January 24, 2010

The only surprise about this is that they’re admitting it

Filed under: Environment, Politics — Tags: , , , — Nicholas @ 15:41

Glacier scientist: I knew data hadn’t been verified:

The scientist behind the bogus claim in a Nobel Prize-winning UN report that Himalayan glaciers will have melted by 2035 last night admitted it was included purely to put political pressure on world leaders.

Dr Murari Lal also said he was well aware the statement, in the 2007 report by the Intergovernmental Panel on Climate Change (IPCC), did not rest on peer-reviewed scientific research.

In an interview with The Mail on Sunday, Dr Lal, the co-ordinating lead author of the report’s chapter on Asia, said: ‘It related to several countries in this region and their water sources. We thought that if we can highlight it, it will impact policy-makers and politicians and encourage them to take some concrete action.

‘It had importance for the region, so we thought we should put it in.’

It was unverified, but so important that they couldn’t hold back? It would be funny, if trillions of dollars were not being forcibly redirected in useless, futile “green” directions, and the lives of billions of people may be negatively impacted by government and UN mandates on unproven technologies to curb global warming.

Canadian infantry to get new personal equipment

Filed under: Cancon, Military, Technology — Tags: , , — Nicholas @ 13:25

Strategy Page reports that the Canadian Forces will be introducing new equipment for infantry soldiers next year:

Canada is joining its NATO allies in providing its infantry with new basic equipment, including electronic gear that, until quite recently, no one saw the troops getting for a decade or more. The Canadian gear set is called ISSP (Integrated Soldier System Project). The first components of ISSP will be issued next year. ISSP contains the usual elements of improved infantry gear. New uniforms, that incorporate improvements the troops have been demanding for years, plus new helmets and protective vests, that are lighter and provide improved shielding from bullets and fragments. New communications gear gives each soldier a link with everyone in his unit, while individual GPS is something troops have already provided for themselves. As other armies have discovered, the troops have already bought a lot of the new gear that is now proposed for the new standard issue.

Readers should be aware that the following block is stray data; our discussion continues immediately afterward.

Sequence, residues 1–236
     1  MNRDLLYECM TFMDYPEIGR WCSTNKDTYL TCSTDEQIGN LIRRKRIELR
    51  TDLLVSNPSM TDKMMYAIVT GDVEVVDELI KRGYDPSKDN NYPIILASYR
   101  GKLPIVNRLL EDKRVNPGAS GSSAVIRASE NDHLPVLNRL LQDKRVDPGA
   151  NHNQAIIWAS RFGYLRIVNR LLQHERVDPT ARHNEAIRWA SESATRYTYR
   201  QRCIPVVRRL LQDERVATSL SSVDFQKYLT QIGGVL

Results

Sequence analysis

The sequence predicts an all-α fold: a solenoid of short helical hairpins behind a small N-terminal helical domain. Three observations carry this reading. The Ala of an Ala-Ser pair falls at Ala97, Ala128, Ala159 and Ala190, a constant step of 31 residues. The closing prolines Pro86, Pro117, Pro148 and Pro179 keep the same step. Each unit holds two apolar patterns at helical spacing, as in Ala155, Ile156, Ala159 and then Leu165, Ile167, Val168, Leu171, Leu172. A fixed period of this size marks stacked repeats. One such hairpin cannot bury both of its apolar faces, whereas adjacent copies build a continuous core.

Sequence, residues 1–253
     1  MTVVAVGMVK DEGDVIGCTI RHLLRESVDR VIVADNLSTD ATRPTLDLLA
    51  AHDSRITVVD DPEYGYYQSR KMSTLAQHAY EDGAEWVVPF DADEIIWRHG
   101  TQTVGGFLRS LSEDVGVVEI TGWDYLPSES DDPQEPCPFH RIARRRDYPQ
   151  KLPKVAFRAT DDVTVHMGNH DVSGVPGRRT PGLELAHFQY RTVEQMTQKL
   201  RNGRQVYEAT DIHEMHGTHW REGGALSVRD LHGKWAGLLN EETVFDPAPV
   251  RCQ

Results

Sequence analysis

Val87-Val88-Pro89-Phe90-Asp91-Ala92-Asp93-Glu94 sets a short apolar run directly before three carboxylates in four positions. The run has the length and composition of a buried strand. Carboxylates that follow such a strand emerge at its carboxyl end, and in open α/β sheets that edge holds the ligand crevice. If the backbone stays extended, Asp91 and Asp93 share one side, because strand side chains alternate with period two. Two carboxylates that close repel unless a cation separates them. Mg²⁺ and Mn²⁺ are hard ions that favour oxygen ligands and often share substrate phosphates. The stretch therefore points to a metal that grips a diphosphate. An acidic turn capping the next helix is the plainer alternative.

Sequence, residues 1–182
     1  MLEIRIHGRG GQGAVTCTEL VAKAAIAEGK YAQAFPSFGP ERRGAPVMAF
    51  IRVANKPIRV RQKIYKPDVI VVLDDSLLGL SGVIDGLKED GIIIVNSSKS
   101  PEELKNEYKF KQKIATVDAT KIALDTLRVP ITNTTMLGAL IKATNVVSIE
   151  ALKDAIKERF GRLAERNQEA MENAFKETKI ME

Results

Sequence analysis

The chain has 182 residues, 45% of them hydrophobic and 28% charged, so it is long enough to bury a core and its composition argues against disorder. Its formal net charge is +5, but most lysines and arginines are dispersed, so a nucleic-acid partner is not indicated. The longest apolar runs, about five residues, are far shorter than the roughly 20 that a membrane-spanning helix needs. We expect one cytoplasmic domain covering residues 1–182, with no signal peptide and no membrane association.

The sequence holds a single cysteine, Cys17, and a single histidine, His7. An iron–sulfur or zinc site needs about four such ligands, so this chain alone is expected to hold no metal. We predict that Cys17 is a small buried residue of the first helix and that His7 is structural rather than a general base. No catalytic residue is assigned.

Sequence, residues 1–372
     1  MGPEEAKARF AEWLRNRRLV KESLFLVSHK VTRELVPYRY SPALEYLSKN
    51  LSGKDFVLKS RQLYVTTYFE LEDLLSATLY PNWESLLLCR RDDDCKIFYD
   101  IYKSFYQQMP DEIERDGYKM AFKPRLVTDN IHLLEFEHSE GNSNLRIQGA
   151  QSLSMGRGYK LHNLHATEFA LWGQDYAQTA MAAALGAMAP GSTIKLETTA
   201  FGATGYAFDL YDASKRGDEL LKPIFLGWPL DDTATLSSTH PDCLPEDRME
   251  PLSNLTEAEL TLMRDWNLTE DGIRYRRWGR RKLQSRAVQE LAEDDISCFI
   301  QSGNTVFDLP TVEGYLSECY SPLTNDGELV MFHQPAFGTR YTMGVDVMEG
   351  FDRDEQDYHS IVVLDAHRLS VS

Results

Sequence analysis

A lot of this new stuff is commercial, with the military taking the best and most appropriate gear designed for outdoor living. This is particularly true of stuff marketed to the demanding mountain climbing and winter sports enthusiasts. Canada isn’t plunging into unknown territory here. The U.S., France, Germany and most other major NATO countries have already gone this route, and left a lot of practical experience in their wake. Thus the major goal is to get all the most useful gear, and reduce the weight of stuff the infantry have to carry into combat. It’s much easier to find new gear that works better, than it is to find stuff that’s lighter, and still gets the job done.

This is very good news, although there’s always a trade-off between “useful stuff to have” and “weight to be carried”. Modern computer gear is far lighter than it used to be, except for batteries, but there’s always the temptation on the part of the planners to add “just one more” neat bit of kit to the burden already being humped across the field by the infantry.

There’s also the challenge of making the technology both useful and as non-distracting as possible. As Robert Heinlein wrote back in the late 1950’s, “If you load a mudfoot down with a lot of gadgets he has to watch somebody a lot more simply equipped — say with a stone axe — will sneak up and bash his head in while he is trying to read a Vernier.”

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